Whenever I’m working with salespeople and business owners to help them generate better results from their cold calling, I start by looking at their current performance, so we can easily see where quick improvements can be made.
This is something that most people are guilty of – especially when it comes to the ‘colder’ type of calls. They don’t have the right details for the person they’re calling. The ABSOLUTE MINIMUM you should have is the person’s name, company name and telephone number. Their website address is also useful (so you can do some research beforehand if necessary) and job title (so you can think about what they are likely to be interested in).
Notice above I said ‘details’ not ‘data’. That’s because most people consider that ‘bad data’ is someone else’s fault. However, not having all the ‘details’ is the salesperson’s fault! In my opinion, if the salesperson doesn’t have the right details, it’s up to THEM to do something about it, not just complain about ‘bad data’.
And if you don’t even have the NAME of the person you’re about to call, make sure you make a separate call to get the right information! Nothing shows a lack of credibility to a gatekeeper faster than asking something like ‘can you put me through to the person who deals with your ….’ Awful, truly awful!
Another common mistake most people make is not being prepared enough. I’ve observed a manager or team leader start a calling session, only for some people to still be looking for their list of people to call, their questions they’re supposed to ask, or their diaries to book their appointments into! Bizarre.
And for all those people who are feeling smug and saying to themselves ‘I don’t have to worry about my diary because it’s on my phone’, here’s a wake-up call. If the diary is on THE PHONE YOU ARE USING TO MAKE THE CALL, then that’s also a lack of preparation! Unless of course, you’ve noted down dates and times for possible appointments beforehand!
In my opinion, you should NEVER start to close for an appointment without having a few options on times and dates for that appointment to hand. Otherwise, while you search for your diary, or try and search through your phone while you’re talking to someone you’ll sound confused, less confident, less credible and it may well affect your chances of getting that appointment.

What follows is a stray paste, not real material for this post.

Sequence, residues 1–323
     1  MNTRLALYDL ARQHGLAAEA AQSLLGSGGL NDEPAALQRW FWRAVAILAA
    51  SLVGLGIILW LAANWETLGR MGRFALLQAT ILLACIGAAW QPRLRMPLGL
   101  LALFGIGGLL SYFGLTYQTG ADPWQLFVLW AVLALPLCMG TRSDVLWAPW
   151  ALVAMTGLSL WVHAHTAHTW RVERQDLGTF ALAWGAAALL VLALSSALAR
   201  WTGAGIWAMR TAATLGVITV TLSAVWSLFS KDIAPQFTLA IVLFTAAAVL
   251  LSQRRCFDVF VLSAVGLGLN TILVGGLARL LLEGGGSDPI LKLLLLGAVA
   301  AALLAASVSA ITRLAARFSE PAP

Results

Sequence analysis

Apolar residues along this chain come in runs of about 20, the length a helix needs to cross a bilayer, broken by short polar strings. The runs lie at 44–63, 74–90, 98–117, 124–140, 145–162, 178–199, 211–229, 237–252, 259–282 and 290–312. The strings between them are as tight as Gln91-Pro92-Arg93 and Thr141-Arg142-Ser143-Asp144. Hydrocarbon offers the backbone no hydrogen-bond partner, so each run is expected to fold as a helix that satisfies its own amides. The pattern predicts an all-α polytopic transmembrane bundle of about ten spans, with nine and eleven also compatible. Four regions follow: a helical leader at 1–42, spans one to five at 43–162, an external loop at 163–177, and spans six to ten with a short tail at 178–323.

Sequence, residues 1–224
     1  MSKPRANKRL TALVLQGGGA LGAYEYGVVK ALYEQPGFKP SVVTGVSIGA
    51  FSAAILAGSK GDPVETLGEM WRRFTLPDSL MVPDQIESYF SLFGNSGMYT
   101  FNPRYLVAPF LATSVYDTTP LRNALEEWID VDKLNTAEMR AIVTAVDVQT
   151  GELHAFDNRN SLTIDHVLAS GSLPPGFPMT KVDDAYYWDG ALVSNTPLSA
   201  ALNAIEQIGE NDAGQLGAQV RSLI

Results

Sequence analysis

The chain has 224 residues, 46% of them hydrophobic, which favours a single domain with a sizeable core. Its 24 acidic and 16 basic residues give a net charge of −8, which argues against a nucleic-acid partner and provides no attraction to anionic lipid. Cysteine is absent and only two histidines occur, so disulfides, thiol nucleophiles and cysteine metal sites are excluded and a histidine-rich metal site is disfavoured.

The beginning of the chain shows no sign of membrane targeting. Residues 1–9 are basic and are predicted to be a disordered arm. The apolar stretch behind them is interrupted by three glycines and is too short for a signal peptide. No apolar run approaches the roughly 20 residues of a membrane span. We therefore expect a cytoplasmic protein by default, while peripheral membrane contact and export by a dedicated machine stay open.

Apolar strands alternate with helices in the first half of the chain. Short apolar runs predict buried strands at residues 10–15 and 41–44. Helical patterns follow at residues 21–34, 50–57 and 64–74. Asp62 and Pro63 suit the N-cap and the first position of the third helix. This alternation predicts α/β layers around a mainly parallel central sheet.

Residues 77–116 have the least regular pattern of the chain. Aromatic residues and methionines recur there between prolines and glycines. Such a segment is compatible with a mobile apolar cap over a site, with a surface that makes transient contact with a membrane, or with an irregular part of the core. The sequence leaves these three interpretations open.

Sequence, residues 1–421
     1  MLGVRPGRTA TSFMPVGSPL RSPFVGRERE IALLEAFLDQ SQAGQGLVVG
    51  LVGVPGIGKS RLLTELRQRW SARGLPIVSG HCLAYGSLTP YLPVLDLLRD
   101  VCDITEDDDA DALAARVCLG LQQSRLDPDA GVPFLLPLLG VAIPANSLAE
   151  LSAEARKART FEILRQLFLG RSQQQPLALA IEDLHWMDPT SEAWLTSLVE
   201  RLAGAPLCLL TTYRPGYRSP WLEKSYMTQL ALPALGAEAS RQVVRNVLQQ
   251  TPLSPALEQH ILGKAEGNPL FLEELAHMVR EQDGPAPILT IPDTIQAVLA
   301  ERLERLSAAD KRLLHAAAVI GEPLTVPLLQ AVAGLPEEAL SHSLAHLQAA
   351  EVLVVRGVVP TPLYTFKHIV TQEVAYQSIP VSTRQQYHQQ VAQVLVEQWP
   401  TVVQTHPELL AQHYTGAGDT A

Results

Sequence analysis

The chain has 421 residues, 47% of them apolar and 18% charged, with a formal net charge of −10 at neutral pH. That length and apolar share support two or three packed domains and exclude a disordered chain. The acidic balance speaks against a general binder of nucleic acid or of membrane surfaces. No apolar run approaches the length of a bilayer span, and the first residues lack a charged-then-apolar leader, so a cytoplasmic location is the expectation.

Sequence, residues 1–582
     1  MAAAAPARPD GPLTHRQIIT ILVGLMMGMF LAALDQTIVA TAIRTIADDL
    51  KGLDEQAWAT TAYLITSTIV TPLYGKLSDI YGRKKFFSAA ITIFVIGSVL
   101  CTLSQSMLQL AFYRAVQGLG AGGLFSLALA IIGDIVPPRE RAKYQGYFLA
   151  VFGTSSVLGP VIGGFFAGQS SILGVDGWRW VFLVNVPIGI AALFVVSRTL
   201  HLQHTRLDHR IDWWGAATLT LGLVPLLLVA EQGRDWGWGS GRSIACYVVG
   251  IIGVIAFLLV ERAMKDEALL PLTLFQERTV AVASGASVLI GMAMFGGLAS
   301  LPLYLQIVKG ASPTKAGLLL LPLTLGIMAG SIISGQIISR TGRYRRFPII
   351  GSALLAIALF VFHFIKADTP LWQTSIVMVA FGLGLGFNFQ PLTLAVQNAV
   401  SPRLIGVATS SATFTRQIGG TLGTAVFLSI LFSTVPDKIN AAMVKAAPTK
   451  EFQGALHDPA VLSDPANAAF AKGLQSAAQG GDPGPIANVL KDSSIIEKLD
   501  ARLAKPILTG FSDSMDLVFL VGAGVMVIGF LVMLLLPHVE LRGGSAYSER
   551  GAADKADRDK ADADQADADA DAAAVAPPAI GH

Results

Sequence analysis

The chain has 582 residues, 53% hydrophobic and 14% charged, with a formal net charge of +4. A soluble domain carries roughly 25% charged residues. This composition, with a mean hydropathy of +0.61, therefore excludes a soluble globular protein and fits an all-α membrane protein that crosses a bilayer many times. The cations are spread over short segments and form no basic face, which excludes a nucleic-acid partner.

Another common cold calling mistake some people make is to be too ‘nice’ on the call. I wrote a longer article about this topic previously, that you can see at this link
Now some people will disagree with me here. They would be the people that think, or have been told, that it’s important to develop ‘rapport’ on the phone. I would totally agree that developing rapport is essential, but being too nice actually in most circumstances can LOSE you rapport, rather than gain it!
If you’re making a business-to-business cold call, into a decision maker in an organisation (you ARE calling decision makers, aren’t you?!!), in the main they’re going to be of senior manager or director level and probably ‘time poor’. This means, generally speaking, that their communication style is going to be quite pragmatic.
Therefore, you need to match their pragmatism in order to get rapport, respect and get them thinking you’re someone they can do business with! If you’re too ‘nice’, it runs the risk of them potentially seeing you as weak, pathetic and junior!
Let’s face it – if you’re going to cold call, you’re going to get rejection. However the majority of people making business-to-business phone calls aren’t resilient enough.